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‘Citizen Science’ and Kepler

“With your help, we are looking for planets around other stars.” So begins a first-time user’s introduction to Planet Hunters, an online citizen science project that delivers exactly what many of us have been hoping for since the first Kepler results came in — a chance to use our own computers to help analyze data taken by the mission. Kepler has been in operation for the better part of two years now, accumulating what Yale astronomer Kevin Schawinski calls ‘another mountain of data to sort through.’ What better way to sort than with distributed computing?

Schawinski is a co-founder of Planet Hunters, and was deeply involved in the creation of the successful Galaxy Zoo project several years back. In the latter, the involvement of average citizens in astronomy took off, to the tune of hundreds of thousands of Web users sorting through a million images of galaxies and classifying them. Kepler presents its own challenges, monitoring almost 150,000 stars in the constellations of Cygnus and Lyra. The trick with Kepler is to look for the characteristic dimming of a star that could signify a planetary transit.

From the Planet Hunters site:

NASA’s Kepler spacecraft is one of the most powerful tools in the hunt for extrasolar planets. The Kepler team’s computers are sifting through the data, but we at Planet Hunters are betting that there will be planets which can only be found via the remarkable human ability for pattern recognition.

This is a gamble, a bet if you will, on the ability of humans to beat machines just occasionally. It may be that no new planets are found or that computers have the job down to a fine art. And yet, it’s just possible that you might be the first to know that a star somewhere out there in the Milky Way has a companion, just as our Sun does. Fancy giving it a try?

Not every star that dims is experiencing a transit, but some are, and our profoundest hope for Kepler is that it will tease out the signature of a planet not so different from our Earth, a small world in an orbit that would keep water liquid at the surface. Planet Hunters draws on the fact that Kepler data are being released into the public domain. It’s not directly tied to the Kepler mission, but should serve as a useful adjunct to what the Kepler team is doing as it sorts through Schawinski’s ‘mountain.’ The more human intelligence on the job, the better.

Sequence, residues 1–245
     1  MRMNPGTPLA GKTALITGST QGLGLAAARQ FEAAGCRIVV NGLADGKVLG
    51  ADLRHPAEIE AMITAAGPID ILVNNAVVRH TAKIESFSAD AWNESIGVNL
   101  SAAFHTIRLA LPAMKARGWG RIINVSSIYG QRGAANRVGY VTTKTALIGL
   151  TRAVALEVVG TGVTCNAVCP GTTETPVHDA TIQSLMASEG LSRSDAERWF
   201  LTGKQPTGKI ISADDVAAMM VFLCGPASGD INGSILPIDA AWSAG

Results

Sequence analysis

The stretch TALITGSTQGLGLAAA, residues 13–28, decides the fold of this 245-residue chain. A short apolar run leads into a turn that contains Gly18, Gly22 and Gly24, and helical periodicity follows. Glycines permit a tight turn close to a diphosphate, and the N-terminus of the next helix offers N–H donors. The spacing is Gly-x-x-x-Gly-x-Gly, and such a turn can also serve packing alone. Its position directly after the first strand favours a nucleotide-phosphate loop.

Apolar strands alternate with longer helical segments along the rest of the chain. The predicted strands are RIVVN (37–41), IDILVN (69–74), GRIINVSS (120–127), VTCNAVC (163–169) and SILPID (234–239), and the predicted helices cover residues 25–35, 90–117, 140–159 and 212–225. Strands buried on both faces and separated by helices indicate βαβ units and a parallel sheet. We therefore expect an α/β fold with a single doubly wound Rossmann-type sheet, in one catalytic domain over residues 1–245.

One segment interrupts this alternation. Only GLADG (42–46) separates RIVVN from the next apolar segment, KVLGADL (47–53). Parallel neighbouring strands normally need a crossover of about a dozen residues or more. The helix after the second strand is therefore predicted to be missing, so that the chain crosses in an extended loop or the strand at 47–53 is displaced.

Not that computers aren’t critical to the work at hand. But another co-founder of Planet Hunters, Yale’s Meg Schwamb, notes what a good set of eyes and human intelligence bring to the data our computers deliver to the desktop:

“…computers are only good at finding what they’ve been taught to look for, whereas the human brain has the uncanny ability to recognize patterns and immediately pick out what is strange or unique, far beyond what we can teach machines to do.”

That’s the great virtue, proven over time, of the Galaxy Zoo project. In the case of Planet Hunters, the method is to answer a series of questions about the light emitted by a particular star over time, its light curve. Such graphs help astronomers identify the dimming caused by a planetary transit. Planet hunter extraordinaire Debra Fischer notes that even with data from an instrument as precise as the Kepler telescope, picking out the transit signal is exceedingly hard. “Planet Hunters is an experiment,” adds Fischer. “We’re looking for the needle in the haystack.”

Here’s a Planet Hunters video that walks you through the basics of using the site:

Planet Hunters Tutorial from The Zooniverse on Vimeo.

Have a look at some of the Planet Hunters introductory material to see how absorbing this work can be. Light curves are stuffed with scatter and often reveal nothing but statistical noise. Some, however, show variability with time. Variability in a light curve is readily caused by starspots, but there are planets hiding within some of these curves, and human classification supplements computer analysis to flag patterns whose variability appears particularly promising. Obviously, large planets with short orbital periods are the easiest targets, while small planets with long periods — the ultimate quarry in the eyes of many planet hunters — require long observation.